College Students Build Solar-Powered Home That Can Grow Food Indoors

Check out this impressive home based around self-sufficiency

A team of graduate students from the University of Maryland took home the second place prize in the Solar Decathlon by creating a solar-powered home that can grow food indoors.

A team of graduate students from the University of Maryland won second place in this year’s Solar Decathlon for their solar-powered home design that features hydroponic farming. Their design, named ReACT (which stands for “resilient adaptive climate technology”), was entered in the U.S. Department of Energy’s biannual competition for eco-friendly housing prototypes, which draws submissions from college students around the world.

The home, which took 18 months to design, features a “living wall” that grows leafy green vegetables in nutrient-rich water, a roof of solar panels that capture sunlight for energy used to power the home, an enclosed greenhouse that uses a system to distribute warm air throughout the home in fall and winter, and a composting toilet.

Josh Baur/U.S. Department of Energy Solar Decathlon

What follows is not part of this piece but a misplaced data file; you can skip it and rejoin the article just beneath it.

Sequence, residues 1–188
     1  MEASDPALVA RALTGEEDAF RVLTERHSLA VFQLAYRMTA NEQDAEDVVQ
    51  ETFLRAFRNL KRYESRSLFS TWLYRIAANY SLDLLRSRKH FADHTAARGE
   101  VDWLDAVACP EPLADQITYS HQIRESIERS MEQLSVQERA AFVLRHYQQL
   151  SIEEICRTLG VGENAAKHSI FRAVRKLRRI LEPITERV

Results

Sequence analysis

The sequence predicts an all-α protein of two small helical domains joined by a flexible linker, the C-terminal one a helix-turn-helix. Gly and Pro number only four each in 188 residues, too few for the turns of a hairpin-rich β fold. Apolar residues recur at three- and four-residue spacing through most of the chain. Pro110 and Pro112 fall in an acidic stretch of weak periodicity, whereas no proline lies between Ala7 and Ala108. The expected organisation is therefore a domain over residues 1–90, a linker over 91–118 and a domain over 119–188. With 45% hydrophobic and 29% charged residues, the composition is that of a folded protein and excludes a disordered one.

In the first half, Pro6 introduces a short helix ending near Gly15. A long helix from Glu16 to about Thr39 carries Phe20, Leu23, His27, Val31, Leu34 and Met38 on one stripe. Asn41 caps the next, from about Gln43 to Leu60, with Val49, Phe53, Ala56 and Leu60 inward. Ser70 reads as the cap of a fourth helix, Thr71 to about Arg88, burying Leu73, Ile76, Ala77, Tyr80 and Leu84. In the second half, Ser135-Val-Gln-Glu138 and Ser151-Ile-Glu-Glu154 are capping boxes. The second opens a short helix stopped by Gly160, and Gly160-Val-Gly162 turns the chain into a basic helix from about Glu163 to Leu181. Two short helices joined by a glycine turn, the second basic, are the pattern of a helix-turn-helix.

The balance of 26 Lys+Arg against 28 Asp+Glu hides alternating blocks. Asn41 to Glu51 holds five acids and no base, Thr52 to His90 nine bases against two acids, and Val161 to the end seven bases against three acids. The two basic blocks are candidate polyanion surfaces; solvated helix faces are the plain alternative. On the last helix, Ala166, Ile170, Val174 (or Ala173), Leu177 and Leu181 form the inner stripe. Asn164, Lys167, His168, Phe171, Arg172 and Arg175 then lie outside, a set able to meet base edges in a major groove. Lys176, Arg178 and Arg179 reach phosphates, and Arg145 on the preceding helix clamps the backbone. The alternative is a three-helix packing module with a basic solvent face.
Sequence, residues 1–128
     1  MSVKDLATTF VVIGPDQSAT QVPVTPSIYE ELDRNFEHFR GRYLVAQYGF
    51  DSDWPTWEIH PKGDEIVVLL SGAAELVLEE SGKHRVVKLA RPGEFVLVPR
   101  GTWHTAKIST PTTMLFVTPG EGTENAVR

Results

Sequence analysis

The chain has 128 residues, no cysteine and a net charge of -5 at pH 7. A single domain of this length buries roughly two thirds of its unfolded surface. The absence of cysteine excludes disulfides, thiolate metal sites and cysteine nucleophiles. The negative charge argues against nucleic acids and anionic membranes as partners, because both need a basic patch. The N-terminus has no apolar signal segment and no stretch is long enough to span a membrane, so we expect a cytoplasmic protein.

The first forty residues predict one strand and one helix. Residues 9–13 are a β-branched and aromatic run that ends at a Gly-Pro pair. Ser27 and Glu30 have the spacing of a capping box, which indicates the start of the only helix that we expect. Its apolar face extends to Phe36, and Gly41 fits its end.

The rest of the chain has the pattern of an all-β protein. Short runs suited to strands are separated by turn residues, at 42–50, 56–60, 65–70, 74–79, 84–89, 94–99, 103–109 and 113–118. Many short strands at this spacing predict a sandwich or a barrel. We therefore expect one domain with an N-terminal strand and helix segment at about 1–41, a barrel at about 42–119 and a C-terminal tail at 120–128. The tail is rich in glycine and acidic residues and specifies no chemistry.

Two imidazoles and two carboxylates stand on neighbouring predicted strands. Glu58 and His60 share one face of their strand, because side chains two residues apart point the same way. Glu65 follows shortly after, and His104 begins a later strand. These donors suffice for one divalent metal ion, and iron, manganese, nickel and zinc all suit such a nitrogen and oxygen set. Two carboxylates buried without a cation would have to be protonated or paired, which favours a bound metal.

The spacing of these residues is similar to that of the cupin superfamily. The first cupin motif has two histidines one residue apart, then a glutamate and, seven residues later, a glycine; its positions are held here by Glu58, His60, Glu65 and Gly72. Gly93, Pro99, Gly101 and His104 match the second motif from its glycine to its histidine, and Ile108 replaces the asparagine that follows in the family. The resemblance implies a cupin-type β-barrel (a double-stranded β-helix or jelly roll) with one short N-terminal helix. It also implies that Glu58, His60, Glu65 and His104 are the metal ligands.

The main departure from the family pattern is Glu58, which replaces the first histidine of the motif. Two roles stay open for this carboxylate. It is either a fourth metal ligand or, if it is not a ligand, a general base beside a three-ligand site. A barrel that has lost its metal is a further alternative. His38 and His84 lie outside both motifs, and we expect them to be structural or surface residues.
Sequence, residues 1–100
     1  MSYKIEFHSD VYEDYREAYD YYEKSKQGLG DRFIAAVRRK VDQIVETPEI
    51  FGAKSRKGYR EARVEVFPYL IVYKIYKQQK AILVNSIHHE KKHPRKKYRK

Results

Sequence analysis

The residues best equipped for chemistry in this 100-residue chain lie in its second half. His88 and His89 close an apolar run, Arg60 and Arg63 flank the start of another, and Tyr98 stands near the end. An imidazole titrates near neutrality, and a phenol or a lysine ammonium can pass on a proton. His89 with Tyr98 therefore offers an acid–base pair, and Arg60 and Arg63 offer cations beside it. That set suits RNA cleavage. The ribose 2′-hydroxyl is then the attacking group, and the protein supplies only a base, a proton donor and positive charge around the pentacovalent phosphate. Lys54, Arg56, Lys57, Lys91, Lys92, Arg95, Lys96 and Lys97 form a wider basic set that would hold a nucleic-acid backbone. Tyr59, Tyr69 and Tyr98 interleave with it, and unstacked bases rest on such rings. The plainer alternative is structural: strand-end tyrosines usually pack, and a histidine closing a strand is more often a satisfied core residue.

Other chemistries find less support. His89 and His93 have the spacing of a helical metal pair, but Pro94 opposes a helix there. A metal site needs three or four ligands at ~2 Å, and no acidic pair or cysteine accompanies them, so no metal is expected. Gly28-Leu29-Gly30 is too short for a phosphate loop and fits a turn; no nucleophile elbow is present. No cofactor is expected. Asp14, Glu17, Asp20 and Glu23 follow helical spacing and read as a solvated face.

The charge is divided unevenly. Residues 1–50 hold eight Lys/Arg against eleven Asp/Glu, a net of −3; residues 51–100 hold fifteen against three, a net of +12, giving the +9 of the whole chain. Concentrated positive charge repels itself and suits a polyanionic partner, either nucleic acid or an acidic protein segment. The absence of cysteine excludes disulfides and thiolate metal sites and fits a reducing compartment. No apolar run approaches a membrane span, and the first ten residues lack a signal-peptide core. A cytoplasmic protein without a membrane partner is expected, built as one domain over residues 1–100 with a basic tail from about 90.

Dennis Schroeder/U.S. Department of Energy Solar Decathlon

The ReACT team told Business Insider that the home would be ideal for Native American communities due to their emphasis on self-sufficiency.

"ReACT embraces emerging sustainable building practices that promise to transform and support tribal housing projects, while also providing the two-thirds of Native Americans living in urban centers with housing options that support a more harmonious, balanced and sustainable interactions with the natural world," they told the outlet.

Josh Baur/U.S. Department of Energy Solar Decathlon

According to Decathlon judges, the ReACT home secured its No. 2 spot for its focus on home gardening and water re-use system. Are you focusing on being kinder to the planet? Here are 20 ways to be more eco-friendly.